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Bethune to deal with water line problems

Posted: March 14, 2014 2:05 p.m.
Updated: March 17, 2014 5:00 a.m.

A piece of pipe nearly clogged with corrosion briefly took center stage at Thursday’s Bethune Town Council meeting. According to Bethune Mayor Charles McCoy and Councilman Don Witham, the piece of pipe was from a section replaced following a water leak along U.S. 1 three weeks earlier.

McCoy said the pipe wasn’t very old. Witham referred to the leak while reporting on a meeting council recently had with Bill Taylor of the Municipal Association of South Carolina.

“We identified four main areas that the town needs to concentrate on. The first is the water system. Getting the water tank repainted will help, but we have bigger problems than that,” Witham said, referring to the piece of pipe McCoy held. “We have got to get an old engineering study updated or have a new one. We have to determine what the cost would be of getting the system repaired. That’s the major objective and it’s going to take several years but we’ve got to get started.”

McCoy thanked the city of Camden for assistance in getting the damage repaired.

“That water leak cost us nearly $10,000 for the simple reason we don’t have the manpower or the resources. I really want to thank the city of Camden and their water department. We called them for help and they were here within 45 minutes. They got us a contractor out of West Columbia and they were here shortly after that. Camden left a man with us all night long,” McCoy said.

The mayor said that at one point during the work, the a shaft in the contractor’s brand-new pump broke after a piece of asphalt got in it. McCoy said the city of Camden employee went back to Camden and returned with one of its pumps.

“Later that night, when we dug down enough to fix the leak, we didn’t have -- and the contractor didn’t have -- what we needed to fix it. The (Camden) boy jumped back in his truck, went back to Camden and brought the right stuff to fix it,” McCoy said. “I really want to thank Camden for what they did and how they supported us the whole time. Also, DOT (S.C. Department of Transportation), they had people on overtime that provided the signs for us to divert the traffic over to the other lane and I want to take my hat off to them for helping us.”

Council also focused on law enforcement Thursday night.

“Do we need 24-hour police coverage? That’s a question and I’m not sure anybody has the right answer. If the answer is yes, how do we go about doing that?” Witham asked.

Another concern Thursday night was a Kershaw County School District proposal to close Bethune and Mt. Pisgah elementary schools, consolidating students to a new school in the North Central area. Council and residents have expressed desires to keep the local schools open.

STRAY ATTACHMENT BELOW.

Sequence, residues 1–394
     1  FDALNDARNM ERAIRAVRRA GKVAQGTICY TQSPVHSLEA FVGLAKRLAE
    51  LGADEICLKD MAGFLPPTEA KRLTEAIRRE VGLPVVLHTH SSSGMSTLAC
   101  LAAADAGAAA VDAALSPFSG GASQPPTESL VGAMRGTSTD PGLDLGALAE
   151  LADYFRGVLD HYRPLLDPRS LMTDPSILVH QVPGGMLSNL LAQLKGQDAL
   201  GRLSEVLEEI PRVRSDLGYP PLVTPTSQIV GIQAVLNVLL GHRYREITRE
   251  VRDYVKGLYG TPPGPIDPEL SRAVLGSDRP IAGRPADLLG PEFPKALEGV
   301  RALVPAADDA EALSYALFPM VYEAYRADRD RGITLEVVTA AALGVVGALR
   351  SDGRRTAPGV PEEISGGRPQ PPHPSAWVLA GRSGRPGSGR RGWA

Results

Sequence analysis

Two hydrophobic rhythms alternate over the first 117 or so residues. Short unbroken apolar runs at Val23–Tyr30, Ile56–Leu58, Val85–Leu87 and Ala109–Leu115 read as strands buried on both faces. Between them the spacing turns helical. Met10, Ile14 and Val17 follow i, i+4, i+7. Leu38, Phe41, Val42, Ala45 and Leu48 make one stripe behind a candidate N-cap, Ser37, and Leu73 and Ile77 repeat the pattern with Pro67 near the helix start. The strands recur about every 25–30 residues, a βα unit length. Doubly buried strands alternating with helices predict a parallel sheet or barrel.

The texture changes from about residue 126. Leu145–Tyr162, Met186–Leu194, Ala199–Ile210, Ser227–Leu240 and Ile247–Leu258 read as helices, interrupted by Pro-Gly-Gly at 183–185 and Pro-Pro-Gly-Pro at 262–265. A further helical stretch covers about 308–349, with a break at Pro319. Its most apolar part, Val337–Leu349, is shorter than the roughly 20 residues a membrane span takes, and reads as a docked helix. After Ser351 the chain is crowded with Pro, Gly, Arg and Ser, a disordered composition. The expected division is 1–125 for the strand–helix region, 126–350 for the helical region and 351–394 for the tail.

“We’re going to fight for our schools. A lot of people have said, ‘let’s give up. We’re going to lose it.’ But we’re going to fight. Maybe there’s a chance we can keep it,” Witham said.

The board also talked about demolishing or renovating old, rundown buildings in town.

“There’s a lot of other, smaller items we want to look at. We talked about a town sign and several other things but those four things will be our main driver for the next few years,” Witham said.

In addition, Witham provided an update on the town’s new drug policy, which gives the town a 5 percent discount on insurance premiums.

Reading from the policy, Witham said, “The town of Bethune prohibits employees from the manufacture, possession, use, distribution or purchase of any type of illegally used controlled substance or any illegal or illicit drugs. All employees as a condition of continuous employment by the town of Bethune are subject to random drug screenings.”

Witham said the screenings would be conducted by The ALPHA Center in Camden, two employees at a time per month. He said the policy also pertains to council.

Kershaw County Administrator Vic Carpenter attended Thursday’s meeting as a special guest, something he does roughly once each quarter. He uses the time to update council and residents and field questions or concerns about the county’s relationship with the town.

“I’m here to tonight to just talk to you, touch base with you, see where we are and see if we’re going in the right direction or do we need to look at the direction we’re going in,” Carpenter said. “The county is working with the town to relocate the fire station. Currently it’s over at town hall, and we’re relocating it over to the old rescue squad building. We’re going to renovate that building. For fire department purposes, it will be a much better facility.”

Carpenter said he was glad to see council meeting in the town’s new recreation building.

“It’s a beautiful building. It’s the nicest building Kershaw County owns,” he said. “I know we do programs here; zumba and senior fitness. Anything we can do to use this facility for the benefit of the town and the citizens around it is something we want to do,” Carpenter said.

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